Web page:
program is offered only under Plan A (master’s degree
with thesis). Each student must complete a thesis
involving independent research in one of the subareas of
this field under the direction of an adviser.
Admission requirements include a bachelor’s degree
from an accredited institution of higher learning with
sufficient scholarly attainment in medical technology or
chemistry and the biological sciences to justify graduate
work in these areas.
For more information, see the Graduate School
Catalog or contact the Clinical Laboratory Science
Graduate Program Coordinator, MMC 609, 420 Delaware
Street S.E., Minneapolis, MN 55455-0374 (612-6258952).
Policies
Immunizations—Upon admission to the medical
technology program, students are required to submit
proof of the following immunizations and vaccinations:
• Measles/mumps/rubella documentation or positive
titre
• Polio
• Tuberculosis skin test (Mantoux) or negative chest
X-ray
• Hepatitis B series or documented immunity
• Past DTP or diphtheria/tetanus within the last 10 years
• Varicella Zoster, positive history or positive titre
Health Insurance Coverage—Medical technology
students are expected to carry health insurance to cover
emergency medical situations. The Blue Cross/Blue
Shield student insurance policy is recommended because
of its scope of coverage. Other personal, spousal, or
parental policies that are equivalent to the Blue Cross/
Blue Shield student policy are acceptable. Students
should carry their insurance information at all times on
clinical and community educational rotations.
Background Check—Medical technology students are
placed in a variety of clinical settings during their clinical
coursework. In accord with Minnesota law, a criminal
background check is required of each student before
clinical courses. The Division of Medical Technology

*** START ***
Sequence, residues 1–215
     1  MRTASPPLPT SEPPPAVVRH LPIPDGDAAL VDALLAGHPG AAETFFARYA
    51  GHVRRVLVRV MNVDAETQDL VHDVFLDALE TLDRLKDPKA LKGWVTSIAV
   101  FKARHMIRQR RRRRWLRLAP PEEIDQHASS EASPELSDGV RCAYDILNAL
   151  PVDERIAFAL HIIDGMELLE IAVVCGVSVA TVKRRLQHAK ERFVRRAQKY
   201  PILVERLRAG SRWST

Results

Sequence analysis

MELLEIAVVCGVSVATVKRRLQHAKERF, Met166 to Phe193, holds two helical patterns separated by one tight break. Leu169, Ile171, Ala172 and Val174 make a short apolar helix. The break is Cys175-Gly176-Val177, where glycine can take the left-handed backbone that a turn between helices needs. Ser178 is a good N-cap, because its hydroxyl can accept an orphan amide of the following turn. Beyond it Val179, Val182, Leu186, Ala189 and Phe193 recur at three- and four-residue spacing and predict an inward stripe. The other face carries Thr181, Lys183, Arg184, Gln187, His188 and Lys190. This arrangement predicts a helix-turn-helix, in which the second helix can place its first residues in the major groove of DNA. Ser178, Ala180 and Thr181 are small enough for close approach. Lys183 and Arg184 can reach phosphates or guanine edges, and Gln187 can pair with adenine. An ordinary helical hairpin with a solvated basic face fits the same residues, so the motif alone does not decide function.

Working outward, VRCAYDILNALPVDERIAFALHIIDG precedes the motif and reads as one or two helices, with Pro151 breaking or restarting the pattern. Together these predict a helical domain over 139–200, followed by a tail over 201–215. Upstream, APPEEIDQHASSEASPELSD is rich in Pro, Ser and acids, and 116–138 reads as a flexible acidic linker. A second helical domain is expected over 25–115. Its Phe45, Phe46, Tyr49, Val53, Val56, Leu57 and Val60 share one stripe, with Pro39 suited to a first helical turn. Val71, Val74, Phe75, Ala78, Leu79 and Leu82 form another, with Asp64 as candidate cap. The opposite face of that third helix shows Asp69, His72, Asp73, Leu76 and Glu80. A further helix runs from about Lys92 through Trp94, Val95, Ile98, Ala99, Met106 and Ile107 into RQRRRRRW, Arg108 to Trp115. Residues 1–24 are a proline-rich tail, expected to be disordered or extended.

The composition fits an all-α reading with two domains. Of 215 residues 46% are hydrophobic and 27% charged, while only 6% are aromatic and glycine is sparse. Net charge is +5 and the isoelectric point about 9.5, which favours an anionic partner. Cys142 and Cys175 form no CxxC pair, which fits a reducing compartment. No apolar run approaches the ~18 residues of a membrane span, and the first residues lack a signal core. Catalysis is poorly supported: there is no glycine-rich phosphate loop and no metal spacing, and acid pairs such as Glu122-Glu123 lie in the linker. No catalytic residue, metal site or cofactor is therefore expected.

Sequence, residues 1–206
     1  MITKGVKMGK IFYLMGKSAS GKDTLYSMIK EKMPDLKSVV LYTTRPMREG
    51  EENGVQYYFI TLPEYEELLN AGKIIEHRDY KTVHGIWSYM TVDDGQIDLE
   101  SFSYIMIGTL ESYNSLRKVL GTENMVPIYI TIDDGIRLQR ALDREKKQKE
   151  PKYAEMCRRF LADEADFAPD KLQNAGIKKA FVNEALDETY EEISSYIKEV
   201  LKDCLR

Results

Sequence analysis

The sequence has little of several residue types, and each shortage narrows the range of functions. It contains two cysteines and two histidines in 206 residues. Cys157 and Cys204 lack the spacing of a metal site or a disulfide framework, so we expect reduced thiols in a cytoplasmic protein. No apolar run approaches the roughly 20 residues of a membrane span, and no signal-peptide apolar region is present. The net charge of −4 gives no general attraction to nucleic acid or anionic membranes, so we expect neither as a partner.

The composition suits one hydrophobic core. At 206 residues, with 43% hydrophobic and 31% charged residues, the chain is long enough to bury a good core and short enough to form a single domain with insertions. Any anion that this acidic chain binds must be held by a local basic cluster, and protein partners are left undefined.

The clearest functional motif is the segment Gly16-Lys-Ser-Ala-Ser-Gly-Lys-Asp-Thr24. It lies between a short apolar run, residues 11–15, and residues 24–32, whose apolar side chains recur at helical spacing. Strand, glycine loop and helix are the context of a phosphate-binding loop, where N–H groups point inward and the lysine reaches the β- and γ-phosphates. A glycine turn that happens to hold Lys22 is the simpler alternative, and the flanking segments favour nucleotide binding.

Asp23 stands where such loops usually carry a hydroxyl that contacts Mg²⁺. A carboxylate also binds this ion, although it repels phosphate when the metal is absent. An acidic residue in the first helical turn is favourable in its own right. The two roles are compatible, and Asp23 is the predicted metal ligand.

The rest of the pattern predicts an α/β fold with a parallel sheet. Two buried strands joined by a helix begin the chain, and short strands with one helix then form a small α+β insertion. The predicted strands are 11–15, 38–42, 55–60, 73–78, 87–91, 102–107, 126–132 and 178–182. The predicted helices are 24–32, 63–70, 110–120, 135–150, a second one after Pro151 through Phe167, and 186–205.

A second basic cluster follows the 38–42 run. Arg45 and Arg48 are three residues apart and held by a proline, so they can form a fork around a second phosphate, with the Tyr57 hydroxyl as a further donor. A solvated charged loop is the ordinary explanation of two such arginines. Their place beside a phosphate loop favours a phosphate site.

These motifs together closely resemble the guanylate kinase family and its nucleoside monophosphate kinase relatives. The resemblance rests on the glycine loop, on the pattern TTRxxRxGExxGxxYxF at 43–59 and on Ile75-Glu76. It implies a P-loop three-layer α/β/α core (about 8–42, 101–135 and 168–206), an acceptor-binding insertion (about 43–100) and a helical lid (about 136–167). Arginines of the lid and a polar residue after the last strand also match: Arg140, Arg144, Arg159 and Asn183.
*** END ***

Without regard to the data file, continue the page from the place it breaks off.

arranges this check.
Satisfactory Academic Progress—Students in the
professional program are subject to the regulations
established by the Division of Medical Technology and
must maintain satisfactory academic progress.
Satisfactory performance is considered to be not
only a passing level in scientific and technical skills
together with theoretical knowledge, but also complete
personal integrity and honesty.
Students not achieving satisfactory progress may be
placed on scholastic probation upon recommendation of
the Student Scholastic Standing Committee (SSSC). This
committee is composed of Division of Medical
Technology faculty and student representatives, as
appropriate.
Students’ work is considered unsatisfactory when
they earn less than a C- grade average (1.67 grade points
for each credit) for any course in a given year or semester.
In addition, students must earn a minimum grade of C- in
selected courses to enroll in related clinical rotations, and
maintain an overall GPA of 2.00 in the professional
program.
If students receive an unsatisfactory grade in a
course, remedial work in the course may be provided, if
possible; if not, students must repeat the course the next
time it is offered. If students receive an unsatisfactory
grade in more than one course, either concurrently or in
different semesters, the matter is referred to the SSSC for
investigation and action. If the committee decides
students should not continue in the curriculum, students
are notified. Unsatisfactory grades in two courses are
sufficient basis for dismissal.
Medical Technology
Essential Functions
To successfully complete a clinical laboratory science
program, medical technology students must be able to
perform the following functions.
Communication skills—Must be able to communicate
effectively in written and spoken English; comprehend
and respond to both formal and colloquial English—
person-to-person, by telephone, and in writing;
appropriately assess nonverbal as well as verbal
communication.
Locomotion—Must be able to move freely from one
location to another in physical settings, such as the
clinical laboratory, patient areas, corridors, and elevators.
Small motor skills—Must have sufficient eye-motor
coordination to allow delicate manipulations of
specimens, instruments, and tools. Must be able to grasp
and release small objects (e.g., test tubes, microscope
slides); twist and turn dials/knobs (e.g., for a microscope,
balance, or spectrophotometer); and manipulate other
laboratory materials (e.g., reagents and pipettes) in order
to complete tasks.
Other physical requirements—Must be able to lift and
move objects of at least 20 pounds. Must have a sense of
touch and temperature discrimination.
Visual acuity—Must be able to identify and distinguish
objects macroscopically and microscopically; read charts,